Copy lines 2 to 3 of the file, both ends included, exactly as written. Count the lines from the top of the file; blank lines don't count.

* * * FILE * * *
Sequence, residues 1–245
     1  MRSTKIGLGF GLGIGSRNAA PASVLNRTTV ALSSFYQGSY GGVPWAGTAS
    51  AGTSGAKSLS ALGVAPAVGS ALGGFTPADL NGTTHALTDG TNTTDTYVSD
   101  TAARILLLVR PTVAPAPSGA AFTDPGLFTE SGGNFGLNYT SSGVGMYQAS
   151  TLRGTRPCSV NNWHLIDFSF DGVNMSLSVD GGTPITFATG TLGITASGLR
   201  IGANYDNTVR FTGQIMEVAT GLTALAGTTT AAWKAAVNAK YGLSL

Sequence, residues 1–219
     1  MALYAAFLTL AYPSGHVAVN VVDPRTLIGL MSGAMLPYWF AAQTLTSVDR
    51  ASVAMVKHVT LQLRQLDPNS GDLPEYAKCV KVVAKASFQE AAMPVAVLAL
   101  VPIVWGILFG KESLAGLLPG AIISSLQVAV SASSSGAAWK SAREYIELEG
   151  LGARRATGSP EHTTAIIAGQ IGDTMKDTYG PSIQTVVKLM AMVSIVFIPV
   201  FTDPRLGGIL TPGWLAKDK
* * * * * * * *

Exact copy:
     1  MRSTKIGLGF GLGIGSRNAA PASVLNRTTV ALSSFYQGSY GGVPWAGTAS
    51  AGTSGAKSLS ALGVAPAVGS ALGGFTPADL NGTTHALTDG TNTTDTYVSD